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The iconic MIT home page Spotlight features a daily-changing image and design that focuses on advances in research, technology and education taking place at the Institute. Though some Spotlights do run multiple days - for example Friday's spot usually runs through the weekend, we work very hard to maintain the daily-changing tradition. We've combed our servers and have compiled a digital archive of the Institute home page through the years - well over 2000 images. Enjoy!
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2-D nanoelectronicsToday’s Spotlight features an illustration by Yan Liang.

Researchers at MIT say they have carried out a theoretical analysis showing that a family of two-dimensional materials exhibits exotic quantum properties that may enable a new type of nanoscale electronics.

These materials are predicted to show a phenomenon called the quantum spin Hall (QSH) effect, and belong to a class of materials known as transition metal dichalcogenides, with layers a few atoms thick. The findings are detailed in a paper appearing this week in the journal Science.

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The MIT home page Spotlight showcases the research, technology and education advances taking place at the Institute every day.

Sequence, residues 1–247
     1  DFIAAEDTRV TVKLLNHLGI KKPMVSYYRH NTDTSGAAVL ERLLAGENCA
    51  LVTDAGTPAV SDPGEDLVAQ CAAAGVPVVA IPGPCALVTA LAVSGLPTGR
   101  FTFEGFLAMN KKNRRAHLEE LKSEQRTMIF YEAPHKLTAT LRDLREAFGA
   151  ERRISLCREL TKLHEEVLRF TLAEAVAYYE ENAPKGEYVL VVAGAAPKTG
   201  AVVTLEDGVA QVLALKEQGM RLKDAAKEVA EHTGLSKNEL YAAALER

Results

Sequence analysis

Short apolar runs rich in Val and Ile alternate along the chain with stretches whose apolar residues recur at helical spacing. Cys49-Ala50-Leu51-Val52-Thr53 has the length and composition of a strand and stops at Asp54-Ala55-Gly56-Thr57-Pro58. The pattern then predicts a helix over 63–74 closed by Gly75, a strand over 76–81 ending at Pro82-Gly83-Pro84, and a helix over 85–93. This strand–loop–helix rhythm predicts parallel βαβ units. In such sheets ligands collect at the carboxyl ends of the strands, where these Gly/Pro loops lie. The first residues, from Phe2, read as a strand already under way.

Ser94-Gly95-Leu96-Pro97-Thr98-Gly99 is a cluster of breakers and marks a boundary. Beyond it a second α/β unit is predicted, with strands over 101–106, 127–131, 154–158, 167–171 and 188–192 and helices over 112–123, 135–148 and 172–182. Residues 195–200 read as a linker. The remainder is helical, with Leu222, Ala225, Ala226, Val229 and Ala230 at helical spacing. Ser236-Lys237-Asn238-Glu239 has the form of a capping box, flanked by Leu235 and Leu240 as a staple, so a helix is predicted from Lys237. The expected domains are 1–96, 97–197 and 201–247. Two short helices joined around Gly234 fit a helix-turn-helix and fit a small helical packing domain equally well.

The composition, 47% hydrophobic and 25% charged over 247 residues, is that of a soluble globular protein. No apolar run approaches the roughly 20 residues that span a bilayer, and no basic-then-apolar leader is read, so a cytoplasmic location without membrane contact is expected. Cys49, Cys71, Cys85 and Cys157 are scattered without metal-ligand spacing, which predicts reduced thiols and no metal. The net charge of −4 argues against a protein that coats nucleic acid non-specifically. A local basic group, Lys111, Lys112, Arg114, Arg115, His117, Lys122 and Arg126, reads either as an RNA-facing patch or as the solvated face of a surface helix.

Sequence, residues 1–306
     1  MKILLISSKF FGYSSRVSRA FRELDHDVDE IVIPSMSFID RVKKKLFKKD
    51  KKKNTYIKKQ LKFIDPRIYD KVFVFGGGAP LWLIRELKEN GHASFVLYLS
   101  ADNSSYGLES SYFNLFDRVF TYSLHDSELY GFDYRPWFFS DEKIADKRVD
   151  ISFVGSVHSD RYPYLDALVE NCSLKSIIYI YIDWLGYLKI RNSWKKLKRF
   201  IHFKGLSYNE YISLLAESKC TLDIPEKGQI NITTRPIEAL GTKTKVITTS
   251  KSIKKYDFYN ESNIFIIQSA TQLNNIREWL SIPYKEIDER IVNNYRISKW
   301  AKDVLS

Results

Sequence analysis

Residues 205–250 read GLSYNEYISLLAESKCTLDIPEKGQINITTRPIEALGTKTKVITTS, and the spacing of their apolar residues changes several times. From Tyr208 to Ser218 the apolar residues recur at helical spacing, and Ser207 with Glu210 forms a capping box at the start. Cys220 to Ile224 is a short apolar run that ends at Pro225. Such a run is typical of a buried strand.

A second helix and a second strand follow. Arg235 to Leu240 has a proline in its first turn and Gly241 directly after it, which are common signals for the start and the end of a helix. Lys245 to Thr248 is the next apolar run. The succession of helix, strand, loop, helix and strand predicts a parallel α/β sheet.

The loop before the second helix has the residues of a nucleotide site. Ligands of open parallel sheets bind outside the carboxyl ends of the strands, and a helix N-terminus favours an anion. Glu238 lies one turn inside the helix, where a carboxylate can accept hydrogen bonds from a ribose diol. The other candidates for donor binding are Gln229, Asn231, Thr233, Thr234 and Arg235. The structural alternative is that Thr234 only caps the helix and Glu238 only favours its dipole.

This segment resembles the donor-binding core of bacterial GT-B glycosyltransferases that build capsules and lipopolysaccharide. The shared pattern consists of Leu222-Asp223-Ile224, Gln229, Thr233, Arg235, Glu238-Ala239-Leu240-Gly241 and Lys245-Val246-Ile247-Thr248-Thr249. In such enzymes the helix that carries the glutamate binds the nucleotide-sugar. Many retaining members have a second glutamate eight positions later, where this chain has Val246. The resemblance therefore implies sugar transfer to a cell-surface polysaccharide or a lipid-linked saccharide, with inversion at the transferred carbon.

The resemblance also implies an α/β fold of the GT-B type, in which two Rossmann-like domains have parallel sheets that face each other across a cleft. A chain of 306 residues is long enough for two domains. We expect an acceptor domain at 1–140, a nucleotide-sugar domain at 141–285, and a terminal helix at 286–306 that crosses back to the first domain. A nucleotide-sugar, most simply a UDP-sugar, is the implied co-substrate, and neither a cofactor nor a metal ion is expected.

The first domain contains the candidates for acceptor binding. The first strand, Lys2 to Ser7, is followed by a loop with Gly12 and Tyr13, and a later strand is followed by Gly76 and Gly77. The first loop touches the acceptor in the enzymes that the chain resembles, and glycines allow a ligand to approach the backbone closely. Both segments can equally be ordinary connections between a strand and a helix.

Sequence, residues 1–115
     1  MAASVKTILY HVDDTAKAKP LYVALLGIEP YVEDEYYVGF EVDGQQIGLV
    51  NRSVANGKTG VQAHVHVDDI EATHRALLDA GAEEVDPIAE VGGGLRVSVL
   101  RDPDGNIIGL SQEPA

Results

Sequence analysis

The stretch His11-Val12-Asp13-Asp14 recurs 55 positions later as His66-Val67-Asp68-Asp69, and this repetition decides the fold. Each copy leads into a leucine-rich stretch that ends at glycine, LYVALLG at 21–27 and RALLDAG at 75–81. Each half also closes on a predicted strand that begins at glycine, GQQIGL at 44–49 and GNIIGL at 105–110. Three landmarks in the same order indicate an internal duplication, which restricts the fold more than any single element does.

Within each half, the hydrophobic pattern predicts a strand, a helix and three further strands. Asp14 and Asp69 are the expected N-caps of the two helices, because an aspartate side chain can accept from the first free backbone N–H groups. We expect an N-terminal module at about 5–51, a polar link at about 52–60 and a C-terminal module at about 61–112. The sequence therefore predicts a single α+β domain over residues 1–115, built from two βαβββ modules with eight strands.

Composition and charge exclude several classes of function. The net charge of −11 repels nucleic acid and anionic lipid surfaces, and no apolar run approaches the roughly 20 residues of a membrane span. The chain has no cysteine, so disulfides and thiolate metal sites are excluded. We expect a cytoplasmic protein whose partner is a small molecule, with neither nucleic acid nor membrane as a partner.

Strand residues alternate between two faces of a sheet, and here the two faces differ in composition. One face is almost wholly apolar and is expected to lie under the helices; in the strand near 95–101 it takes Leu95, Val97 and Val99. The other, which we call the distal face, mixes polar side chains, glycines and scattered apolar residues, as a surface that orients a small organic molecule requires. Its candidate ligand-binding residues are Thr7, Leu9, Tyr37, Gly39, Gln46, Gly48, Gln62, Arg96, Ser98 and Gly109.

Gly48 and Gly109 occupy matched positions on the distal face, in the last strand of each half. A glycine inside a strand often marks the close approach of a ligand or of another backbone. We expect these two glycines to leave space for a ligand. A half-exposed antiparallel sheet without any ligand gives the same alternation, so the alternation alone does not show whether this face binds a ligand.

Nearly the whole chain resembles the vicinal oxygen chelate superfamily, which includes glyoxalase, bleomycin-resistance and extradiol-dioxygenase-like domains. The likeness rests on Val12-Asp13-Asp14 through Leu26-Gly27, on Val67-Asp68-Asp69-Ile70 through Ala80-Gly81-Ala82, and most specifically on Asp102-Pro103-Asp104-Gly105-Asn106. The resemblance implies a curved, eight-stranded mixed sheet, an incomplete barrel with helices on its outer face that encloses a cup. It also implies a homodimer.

What makes it as a Spotlight image is an editorial decision by the MIT News Office based on factors that include timeliness, promotion of MIT's mission, the balance of interest to both internal and external audiences, and appropriateness.

We do welcome ideas and submissions for spotlights from community members, but please note we are not able to accommodate all requests. We are unable to run event previews or promotions as spotlights; for those looking to promote an event, we are happy to include your listing as an event headline on the homepage (when space is available). For more information, e-mail the spotlight team.

Request a Spotlight or Event Headline, here.
Swim for your supper

Swim for your supper

Today’s Spotlight features an image courtesy of John R. Taylor and Roman Stocker. Numerical simulations were used to study how efficiently swimming bacteria could find and consume nutrients dissolved in seawater, compared to non‑swimming bacteria. In this still image from the simulation, a patch of nutrients was released and quickly became distorted by the turbulent motion of the water, forming filaments. Bacteria started out uniformly distributed, but quickly clustered around the nutrient filaments. Colors show the concentration of bacteria in blue, green and yellow, in order of increasing concentration. Red shows the areas of highest concentrations of nutrients.

For the kinds of animals that are most familiar to us — ones that are big enough to see — it’s a no‑brainer: Is it better to sit around and wait for food to come to you, or to move around and find it? Larger animals that opt to sit around aren’t likely to last long.

But for bacteria out in the ocean, the question is a far more complicated one.

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